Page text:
Peter 05 - Paradox

Peter’s Paradox—Joy in Sorrow

In this you greatly rejoice, even though now for a little while, if necessary, you have been distressed by various trials, so that the proof of your faith, being more precious than gold which is perishable, even though tested by fire, may be found to result in praise and glory and honor at the revelation of Jesus Christ; and though you have not seen Him, you love Him, and though you do not see Him now, but believe in Him, you greatly rejoice with joy inexpressible and full of glory, obtaining as the outcome of your faith the salvation of your souls. (1Peter 1:6-9)

Paradox is defined as “a seemingly absurd or self-contradictory statement or proposition that when investigated or explained may prove to be well founded or true” (New Oxford American Dictionary). Peter presents a paradox—something that on the surface sounds absurd but is ultimately true. Christians rejoice in their hope while distressed; Christians are tested by fire and greatly rejoice (1Peter 1:6-9). He continues these thoughts throughout his letter. In the fourth chapter, he reminds Christians of what Christ has done and gives the reason for their distress: “Therefore, since Christ has suffered in the flesh, arm yourselves also with the same purpose, because he who has suffered in the flesh has ceased from sin, so as to live the rest of the time in the flesh no longer for the lusts of men, but for the will of God. For the time already past is sufficient for you to have carried out the desire of the Gentiles, having pursued a course of sensuality, lusts, drunkenness, carousing, drinking parties and abominable idolatries. In all this, they are surprised that you do not run with them into the same excesses of dissipation, and they malign you; but they will give account to Him who is ready to judge the living and the dead” (1Peter 4:1-5). He then gives the reason why this results in rejoicing: “Beloved, do not be surprised at the fiery ordeal among you, which comes upon you for your testing, as though some strange thing were happening to you; but to the degree that you share the sufferings of Christ, keep on rejoicing, so that also at the revelation of His glory you may rejoice with exultation” (1Peter 4:12-13).

Christians are to rejoice with great joy. This is exemplified by the eunuch from Ethiopia. “And he ordered the chariot to stop; and they both went down into the water, Philip as well as the eunuch, and he baptized him. When they came up out of the water, the Spirit of the Lord snatched Philip away; and the eunuch no longer saw him, but went on his way rejoicing” (Acts 8:38-39). Paul also instructed Christians to rejoice (Philippians 3:1) even as he himself rejoiced (Philippians 4:1).

Peter explained why Christians ought to rejoice—they are chosen (1Peter 1:1). They are chosen because they have responded to plan of God, being obedient to Jesus Christ, sprinkled with His blood (1Peter 1:2)— Christ died for them. This call comes through the gospel (2Thessalonians 2:14). They have been sanctified by the Spirit (1Peter 1:2). This has been done by the word which He brought just as the Lord had promised (John 17:17). All of this is to redeem the responder. “Knowing that you were not redeemed with perishable things like silver or gold from your futile way of life inherited from your forefathers, but with precious blood, as of a lamb unblemished and spotless, the blood of Christ” (1Peter 1:18,19). Christians can rejoice because of their hope (1Peter 1:3). Christians can rejoice because of their inheritance (1Peter 1:4).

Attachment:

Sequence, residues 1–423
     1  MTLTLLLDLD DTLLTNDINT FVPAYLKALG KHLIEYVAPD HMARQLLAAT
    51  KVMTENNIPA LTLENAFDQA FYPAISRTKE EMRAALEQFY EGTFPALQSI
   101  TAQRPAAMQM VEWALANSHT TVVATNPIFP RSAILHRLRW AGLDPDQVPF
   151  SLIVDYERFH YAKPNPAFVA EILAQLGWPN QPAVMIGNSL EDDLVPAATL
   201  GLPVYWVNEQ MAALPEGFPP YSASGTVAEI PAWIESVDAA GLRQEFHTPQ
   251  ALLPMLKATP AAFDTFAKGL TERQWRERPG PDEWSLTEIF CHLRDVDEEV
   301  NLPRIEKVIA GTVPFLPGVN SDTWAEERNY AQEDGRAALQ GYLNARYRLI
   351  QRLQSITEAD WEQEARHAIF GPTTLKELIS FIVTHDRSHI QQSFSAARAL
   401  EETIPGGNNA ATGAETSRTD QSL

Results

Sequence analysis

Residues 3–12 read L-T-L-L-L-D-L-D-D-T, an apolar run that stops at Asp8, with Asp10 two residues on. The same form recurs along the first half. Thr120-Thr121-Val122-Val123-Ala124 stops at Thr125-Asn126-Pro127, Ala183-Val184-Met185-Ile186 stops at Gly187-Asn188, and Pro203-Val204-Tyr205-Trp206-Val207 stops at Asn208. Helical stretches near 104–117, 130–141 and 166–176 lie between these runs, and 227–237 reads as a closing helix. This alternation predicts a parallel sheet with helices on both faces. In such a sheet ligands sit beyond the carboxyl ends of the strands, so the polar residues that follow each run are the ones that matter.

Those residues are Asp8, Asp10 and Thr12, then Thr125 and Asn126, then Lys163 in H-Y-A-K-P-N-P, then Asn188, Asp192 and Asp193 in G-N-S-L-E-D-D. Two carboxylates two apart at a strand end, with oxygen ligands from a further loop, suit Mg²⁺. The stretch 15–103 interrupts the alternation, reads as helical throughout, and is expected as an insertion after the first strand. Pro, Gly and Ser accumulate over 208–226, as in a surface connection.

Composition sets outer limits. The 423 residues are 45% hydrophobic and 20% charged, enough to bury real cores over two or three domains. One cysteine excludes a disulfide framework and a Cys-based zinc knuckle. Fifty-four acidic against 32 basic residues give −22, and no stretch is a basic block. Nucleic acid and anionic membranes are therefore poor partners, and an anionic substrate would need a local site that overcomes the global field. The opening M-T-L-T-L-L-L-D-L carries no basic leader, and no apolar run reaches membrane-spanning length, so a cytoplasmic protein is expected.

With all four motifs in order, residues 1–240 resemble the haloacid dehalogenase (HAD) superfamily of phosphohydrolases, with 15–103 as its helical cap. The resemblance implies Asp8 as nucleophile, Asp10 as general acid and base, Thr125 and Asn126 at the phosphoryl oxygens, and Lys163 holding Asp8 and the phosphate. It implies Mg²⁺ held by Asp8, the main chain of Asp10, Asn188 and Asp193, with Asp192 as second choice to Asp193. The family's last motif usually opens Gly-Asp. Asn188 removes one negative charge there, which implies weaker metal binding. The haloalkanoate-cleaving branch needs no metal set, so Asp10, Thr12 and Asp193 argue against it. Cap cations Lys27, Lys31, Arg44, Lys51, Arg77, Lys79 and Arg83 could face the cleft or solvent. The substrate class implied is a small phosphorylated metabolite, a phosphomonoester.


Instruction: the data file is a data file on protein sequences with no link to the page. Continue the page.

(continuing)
The other side of this paradox is that while Christians are rejoicing, they are not in “a bed of roses.” As previously noted, Peter reminds Christians that there will be trials, testings, and sorrows (1Peter 1:6; 4:1-4; 4:12,13). These trials may come from different sources—he says they are varied (1Peter 1:6). Sometimes trials come from something physical as with a sickness or an injury. Some trials may come as emotional distress, perhaps resulting from some type of personal rejection or even the death of a loved one. James reminds Christians that this is a good thing: “Consider it all joy, my brethren, when you encounter various trials, knowing that the testing of your faith produces endurance. And let endurance have its perfect result, so that you may be perfect and complete, lacking in nothing” (James 1:2-4). Peter says goes on to say that is is necessary (1Peter 1:6). Christians know that joy is forever but sorrow is but for a season. The “payday” comes at the return of  the Lord Jesus Christ (1Peter 1:7). Christians know that the outcome is worth the effort. That is why they can rejoice in sorrow. They know that they will obtain “as the outcome of your faith the salvation of your souls” (1Peter 1:9).

This paradox should encourage each one to become a Christian. There is no other way to have that joyful hope. This paradox also serves to motivate Christians to keep on. Christians understand what Peter is writing about. Christians can truly say with Paul, “I press on toward the goal for the prize of the upward call of God in Christ Jesus” (Philippians 3:14).